- Aug 3, 2010As for poultry, under feudalism serfs mainly bred hens and geese, which also was part of the in-kind rent paid to the landlord. However, a farmer's family did not breed more than 8-10 hens and 3-4 geese. In cottage families[???] this number was half as large, a result of the shortage of feed corn on serf farms. Ducks and turkeys were bred only rarely, mainly on noble estates.
[There are two photos whose (cleaned-up) captions read: "Pasturing geese was often children's work." and "Poultry was an integral part of the farmyard; feeding it was women's work."]
Beekeeping was widespread mainly in mountain areas, where it succeeded the original brtni'ctvo [the collecting of wild honey and wax]. At the beginning of the 18th century, it was carried out intensively mainly in northwestern Slovakia, where almost every serf household kept several beehives.
Beekeeping was also practiced intensively in central Slovakia, mainly around mining towns, and in northern S~aris~. At that time, Kremnica [the red dot < http://upload.wikimedia.org/wikipedia/commons/6/6a/Map_slovakia_kremnica.png >] and Roz~n~ava [red dot at < http://upload.wikimedia.org/wikipedia/commons/8/8b/Map_slovakia_roznava.png >] were well-known for their honey markets.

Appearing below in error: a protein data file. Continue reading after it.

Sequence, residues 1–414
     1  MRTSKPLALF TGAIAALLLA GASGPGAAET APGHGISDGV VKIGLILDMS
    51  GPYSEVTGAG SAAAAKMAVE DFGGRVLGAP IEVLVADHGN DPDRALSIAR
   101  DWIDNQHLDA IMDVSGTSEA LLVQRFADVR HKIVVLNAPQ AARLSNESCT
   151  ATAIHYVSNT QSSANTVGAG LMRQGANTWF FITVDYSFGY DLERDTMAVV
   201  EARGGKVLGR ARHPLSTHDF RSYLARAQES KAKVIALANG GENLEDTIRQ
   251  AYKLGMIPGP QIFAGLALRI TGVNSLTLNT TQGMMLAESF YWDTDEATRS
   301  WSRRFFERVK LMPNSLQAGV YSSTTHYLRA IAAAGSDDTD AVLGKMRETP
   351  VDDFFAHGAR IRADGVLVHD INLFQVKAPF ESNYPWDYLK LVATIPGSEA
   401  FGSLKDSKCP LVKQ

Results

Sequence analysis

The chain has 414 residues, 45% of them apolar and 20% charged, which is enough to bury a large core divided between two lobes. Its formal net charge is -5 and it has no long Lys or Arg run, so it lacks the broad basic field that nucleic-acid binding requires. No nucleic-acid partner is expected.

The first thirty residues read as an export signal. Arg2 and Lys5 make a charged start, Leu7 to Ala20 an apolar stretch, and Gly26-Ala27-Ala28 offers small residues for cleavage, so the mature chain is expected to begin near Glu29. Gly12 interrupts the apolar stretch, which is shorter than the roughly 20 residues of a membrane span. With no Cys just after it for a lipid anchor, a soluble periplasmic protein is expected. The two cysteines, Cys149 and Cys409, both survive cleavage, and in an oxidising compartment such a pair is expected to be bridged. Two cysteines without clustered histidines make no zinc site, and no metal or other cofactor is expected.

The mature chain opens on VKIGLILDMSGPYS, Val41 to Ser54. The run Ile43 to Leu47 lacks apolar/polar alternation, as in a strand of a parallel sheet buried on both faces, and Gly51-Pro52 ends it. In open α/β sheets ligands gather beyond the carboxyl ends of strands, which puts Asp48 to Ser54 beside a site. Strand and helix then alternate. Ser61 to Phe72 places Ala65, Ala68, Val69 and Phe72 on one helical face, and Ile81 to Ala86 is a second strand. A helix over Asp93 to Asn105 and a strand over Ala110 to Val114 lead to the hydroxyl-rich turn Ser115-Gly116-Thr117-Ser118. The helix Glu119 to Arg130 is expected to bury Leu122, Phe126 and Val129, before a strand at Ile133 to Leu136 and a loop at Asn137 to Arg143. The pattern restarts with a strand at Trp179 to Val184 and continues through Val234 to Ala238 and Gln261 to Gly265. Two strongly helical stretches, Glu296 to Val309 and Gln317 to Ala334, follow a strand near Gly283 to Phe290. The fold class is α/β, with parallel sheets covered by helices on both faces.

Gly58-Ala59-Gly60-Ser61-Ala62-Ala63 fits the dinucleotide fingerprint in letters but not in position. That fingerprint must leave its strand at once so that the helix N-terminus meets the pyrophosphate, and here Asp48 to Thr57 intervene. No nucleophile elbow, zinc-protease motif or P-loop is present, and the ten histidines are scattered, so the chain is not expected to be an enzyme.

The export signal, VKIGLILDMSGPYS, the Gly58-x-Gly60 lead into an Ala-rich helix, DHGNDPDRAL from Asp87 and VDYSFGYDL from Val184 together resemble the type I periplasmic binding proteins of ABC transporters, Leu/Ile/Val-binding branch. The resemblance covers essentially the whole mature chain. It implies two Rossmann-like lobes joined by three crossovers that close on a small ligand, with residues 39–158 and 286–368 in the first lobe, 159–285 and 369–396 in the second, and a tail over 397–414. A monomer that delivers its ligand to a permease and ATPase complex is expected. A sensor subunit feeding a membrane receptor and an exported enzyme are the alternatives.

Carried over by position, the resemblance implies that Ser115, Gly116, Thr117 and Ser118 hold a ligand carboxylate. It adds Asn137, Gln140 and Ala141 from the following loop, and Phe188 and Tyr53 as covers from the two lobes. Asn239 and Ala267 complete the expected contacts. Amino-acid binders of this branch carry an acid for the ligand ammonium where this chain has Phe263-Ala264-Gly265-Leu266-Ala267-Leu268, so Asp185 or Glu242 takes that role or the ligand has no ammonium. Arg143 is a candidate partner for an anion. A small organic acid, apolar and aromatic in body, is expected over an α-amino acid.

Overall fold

That said, however, beekeeping was less widespread in the first half of the 18th century than earlier, but much more so than it was to become in the 19th century. This was a reflection of the importance of honey and wax in the Slovak population's way of life.
All opinions my own
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